Personally I’m a fan of (good) LENR theories. Many will say they are at the current state of understanding neither necessary nor sufficient. True. But when scientists have a mass of contradictory experimental evidence theory (or hypothesis) of a more or less tenuous sort is what helps them to make sense of it. The interplay between new hypothesis and new experiment, with each driving the other, is the cycle that drives scientific progress. The lack of hypotheses with any traction is properly one of the things that makes most scientists view the LENR experimental corpus as likely not indicating anything real. Anomalies are normal, because mistakes happen – both systemic and individual. Anomalies with an interesting pattern that drives a hypothesis in some detail are much more worthwhile and the tentative hypotheses which match the patterns matter even when they are likely only part-true if that.
Abd here, recently, suggested Takahashi’s TSC theory (use this paper as a way into 4D/TSC theory, his central idea) as an interesting possibility. I agree. It ticks the above boxes as trying to explain patterns in evidence and making predictions. So I’ll first summarise what it is, and then relate this to the title.
Continue reading “LENR theories, the good, the bad, and the ugly”
Second of the series of posts I promised on the He/excess heat correlation debate, as noted by Shanahan and Lomax. And this one is a little bit more interesting. Still, I’m going to examine the many issues here one by one, so if you expect a complete summary of the evidence from this post or the ones that follow you will be disappointed.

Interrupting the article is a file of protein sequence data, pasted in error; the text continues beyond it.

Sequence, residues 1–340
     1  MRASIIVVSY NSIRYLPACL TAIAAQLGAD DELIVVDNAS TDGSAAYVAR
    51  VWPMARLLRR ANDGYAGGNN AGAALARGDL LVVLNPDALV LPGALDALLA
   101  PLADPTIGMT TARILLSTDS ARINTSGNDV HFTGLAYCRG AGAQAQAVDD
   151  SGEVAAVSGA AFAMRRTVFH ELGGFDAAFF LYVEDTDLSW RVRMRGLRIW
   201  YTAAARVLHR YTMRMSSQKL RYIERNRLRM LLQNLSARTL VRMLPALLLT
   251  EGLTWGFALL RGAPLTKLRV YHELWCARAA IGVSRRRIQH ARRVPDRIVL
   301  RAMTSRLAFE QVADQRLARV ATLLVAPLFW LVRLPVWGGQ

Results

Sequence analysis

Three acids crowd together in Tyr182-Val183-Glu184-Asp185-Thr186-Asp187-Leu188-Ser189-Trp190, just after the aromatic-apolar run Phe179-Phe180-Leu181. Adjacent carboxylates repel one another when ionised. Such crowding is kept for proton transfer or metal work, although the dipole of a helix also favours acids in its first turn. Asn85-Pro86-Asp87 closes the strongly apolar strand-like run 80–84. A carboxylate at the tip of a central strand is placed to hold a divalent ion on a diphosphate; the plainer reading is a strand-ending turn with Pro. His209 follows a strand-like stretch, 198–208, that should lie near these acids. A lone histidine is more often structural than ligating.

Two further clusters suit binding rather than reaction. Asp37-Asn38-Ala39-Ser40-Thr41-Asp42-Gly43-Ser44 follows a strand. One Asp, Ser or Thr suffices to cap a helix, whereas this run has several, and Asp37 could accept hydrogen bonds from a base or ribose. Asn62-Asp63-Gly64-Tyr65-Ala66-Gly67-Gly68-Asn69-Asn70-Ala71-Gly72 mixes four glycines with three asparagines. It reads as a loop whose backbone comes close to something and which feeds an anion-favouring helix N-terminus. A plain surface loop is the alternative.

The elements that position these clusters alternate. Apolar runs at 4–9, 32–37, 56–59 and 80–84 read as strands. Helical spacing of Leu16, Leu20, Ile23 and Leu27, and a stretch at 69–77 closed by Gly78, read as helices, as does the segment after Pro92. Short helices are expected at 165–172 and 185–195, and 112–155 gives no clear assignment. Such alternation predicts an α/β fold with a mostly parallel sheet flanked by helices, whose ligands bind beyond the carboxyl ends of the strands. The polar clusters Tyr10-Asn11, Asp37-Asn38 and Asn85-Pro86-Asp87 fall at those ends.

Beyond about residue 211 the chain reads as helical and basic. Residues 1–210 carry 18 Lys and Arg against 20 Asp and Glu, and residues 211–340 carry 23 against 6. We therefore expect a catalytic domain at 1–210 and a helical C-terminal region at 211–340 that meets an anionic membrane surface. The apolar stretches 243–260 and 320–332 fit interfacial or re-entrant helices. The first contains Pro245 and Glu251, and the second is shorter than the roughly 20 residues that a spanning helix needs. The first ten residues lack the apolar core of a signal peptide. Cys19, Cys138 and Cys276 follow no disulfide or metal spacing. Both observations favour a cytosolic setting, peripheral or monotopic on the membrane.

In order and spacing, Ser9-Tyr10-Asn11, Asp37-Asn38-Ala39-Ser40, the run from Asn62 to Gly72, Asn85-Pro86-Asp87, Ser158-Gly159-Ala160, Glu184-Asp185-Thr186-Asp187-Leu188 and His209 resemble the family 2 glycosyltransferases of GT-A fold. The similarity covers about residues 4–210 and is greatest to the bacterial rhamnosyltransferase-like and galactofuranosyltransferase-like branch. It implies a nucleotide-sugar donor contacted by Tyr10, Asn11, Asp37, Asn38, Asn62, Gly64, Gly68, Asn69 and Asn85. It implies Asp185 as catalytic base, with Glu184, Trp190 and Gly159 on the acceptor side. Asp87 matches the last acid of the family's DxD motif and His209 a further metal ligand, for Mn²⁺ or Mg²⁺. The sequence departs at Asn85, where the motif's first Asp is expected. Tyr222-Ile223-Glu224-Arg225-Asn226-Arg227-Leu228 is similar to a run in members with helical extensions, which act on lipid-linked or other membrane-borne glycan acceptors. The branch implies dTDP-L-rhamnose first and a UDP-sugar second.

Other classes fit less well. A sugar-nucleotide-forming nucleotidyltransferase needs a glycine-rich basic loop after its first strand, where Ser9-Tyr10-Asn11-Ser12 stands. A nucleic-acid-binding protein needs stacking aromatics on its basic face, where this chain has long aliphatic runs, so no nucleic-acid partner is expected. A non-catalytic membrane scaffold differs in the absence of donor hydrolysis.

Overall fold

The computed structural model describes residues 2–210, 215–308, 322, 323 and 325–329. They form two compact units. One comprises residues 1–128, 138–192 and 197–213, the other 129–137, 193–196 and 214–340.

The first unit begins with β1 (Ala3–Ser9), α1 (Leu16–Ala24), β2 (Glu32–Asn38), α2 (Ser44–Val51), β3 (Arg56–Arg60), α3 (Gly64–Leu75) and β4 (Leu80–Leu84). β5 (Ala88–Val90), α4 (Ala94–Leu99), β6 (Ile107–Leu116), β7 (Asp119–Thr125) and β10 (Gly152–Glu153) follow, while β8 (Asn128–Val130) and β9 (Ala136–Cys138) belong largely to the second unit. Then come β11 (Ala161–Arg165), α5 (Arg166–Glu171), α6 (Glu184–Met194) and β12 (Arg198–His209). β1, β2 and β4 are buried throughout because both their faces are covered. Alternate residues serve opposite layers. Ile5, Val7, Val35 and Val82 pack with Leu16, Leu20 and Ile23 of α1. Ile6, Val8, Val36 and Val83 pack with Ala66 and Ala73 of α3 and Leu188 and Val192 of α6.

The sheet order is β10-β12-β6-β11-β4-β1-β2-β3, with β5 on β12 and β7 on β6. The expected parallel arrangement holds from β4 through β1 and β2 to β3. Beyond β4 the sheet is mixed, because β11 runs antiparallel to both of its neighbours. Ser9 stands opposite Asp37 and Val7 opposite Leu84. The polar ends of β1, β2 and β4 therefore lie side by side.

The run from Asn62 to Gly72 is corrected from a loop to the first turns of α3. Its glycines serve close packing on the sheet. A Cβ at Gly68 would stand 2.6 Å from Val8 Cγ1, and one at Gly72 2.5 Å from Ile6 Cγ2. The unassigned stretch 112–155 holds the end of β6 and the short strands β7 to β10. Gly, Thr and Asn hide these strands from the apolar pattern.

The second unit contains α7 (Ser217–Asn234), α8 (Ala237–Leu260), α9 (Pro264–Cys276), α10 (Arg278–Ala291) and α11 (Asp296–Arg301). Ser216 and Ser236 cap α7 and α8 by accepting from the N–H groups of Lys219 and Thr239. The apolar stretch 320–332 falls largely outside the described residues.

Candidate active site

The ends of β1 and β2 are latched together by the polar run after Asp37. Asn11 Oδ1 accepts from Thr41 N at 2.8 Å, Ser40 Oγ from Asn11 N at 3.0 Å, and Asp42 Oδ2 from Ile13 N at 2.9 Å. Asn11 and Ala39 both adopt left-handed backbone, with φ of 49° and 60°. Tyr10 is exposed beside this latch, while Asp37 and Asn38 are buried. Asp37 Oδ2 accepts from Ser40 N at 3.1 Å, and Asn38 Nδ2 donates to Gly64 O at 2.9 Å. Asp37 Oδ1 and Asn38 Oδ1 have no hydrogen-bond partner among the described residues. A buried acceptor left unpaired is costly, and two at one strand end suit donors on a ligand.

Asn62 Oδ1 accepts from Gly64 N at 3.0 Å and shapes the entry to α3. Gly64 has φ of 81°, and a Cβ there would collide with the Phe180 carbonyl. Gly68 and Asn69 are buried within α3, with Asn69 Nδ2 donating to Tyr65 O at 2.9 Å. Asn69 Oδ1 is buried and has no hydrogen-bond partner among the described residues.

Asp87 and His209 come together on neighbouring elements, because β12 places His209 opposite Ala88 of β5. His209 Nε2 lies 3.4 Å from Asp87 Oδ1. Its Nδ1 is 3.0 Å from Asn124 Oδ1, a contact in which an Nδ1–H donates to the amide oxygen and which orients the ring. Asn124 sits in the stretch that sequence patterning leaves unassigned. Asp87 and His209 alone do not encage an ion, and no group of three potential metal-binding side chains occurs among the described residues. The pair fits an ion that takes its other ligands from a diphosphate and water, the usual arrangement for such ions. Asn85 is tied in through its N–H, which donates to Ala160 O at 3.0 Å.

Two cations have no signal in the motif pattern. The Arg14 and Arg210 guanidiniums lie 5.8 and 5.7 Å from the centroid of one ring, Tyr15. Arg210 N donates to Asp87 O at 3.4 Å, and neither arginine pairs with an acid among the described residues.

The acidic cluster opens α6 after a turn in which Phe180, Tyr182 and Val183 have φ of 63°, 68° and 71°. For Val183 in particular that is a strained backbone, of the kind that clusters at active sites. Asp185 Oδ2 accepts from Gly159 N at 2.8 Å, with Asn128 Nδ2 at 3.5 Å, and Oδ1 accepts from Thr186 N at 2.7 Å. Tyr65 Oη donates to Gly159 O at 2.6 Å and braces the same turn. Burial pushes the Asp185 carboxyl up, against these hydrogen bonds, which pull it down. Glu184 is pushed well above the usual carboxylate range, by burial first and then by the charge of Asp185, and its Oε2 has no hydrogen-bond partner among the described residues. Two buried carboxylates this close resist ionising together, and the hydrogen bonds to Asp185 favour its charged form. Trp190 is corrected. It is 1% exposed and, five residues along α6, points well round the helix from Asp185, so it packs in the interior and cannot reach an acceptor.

[Quoting Shanahan in italics] On the other hand, the energy/helium ratio does not have this problem. The independent errors in the He and power measurements are unlikely to combine and create a consistent value for this ratio unless the helium and energy both resulted from the same nuclear reaction.
Yes. Very unlikely, in fact. On the order of one chance in a million, or more.
As I have noted the value is not consistent, thus the quoted statement is nonsense.
The value is consistent within experimental error.
There is much more of interest in these comments than might first appear.
Continue reading “Let’s just remove the outliers”
First of a sequence of comments on Lomax’s recent blog here on Shanahan’s review of Storms posted in LENR Forum.
Ah, Shahanan, obsessed with proof, lost science somewhere back. Science is about evidence, and testing evidence, not proof, and when our personal reactions colour how we weigh evidence, we can find ourselves way out on a limb. I’m interested in evidence supporting funding for research, and it is not necessary that anything be “proven,” but we do look at game theory and probabilities, etc.
I agree with Lomax’s second statement here. Science is exactly about weighing evidence. And I understand the explicitly acknowledged bias: Lomax wants more research in this area. I disagree with the statement that “Shanahan is obsessed with proof”. It would be accurate to say that Shanahan, both implicitly and explicitly, is looking for a much higher standard of evidence than Lomax. There is no proof in science but when evidence reaches an amount that overwhelms prior probabilities we think something is probably true. 99.99% and we call it proof. The numbers are arbitrary – some would set the bar to 99.9999% but this does not matter much because of the exponential way that probabilities combine.
Let us see in detail how this works. Continue reading “Minds open brains not falling out?”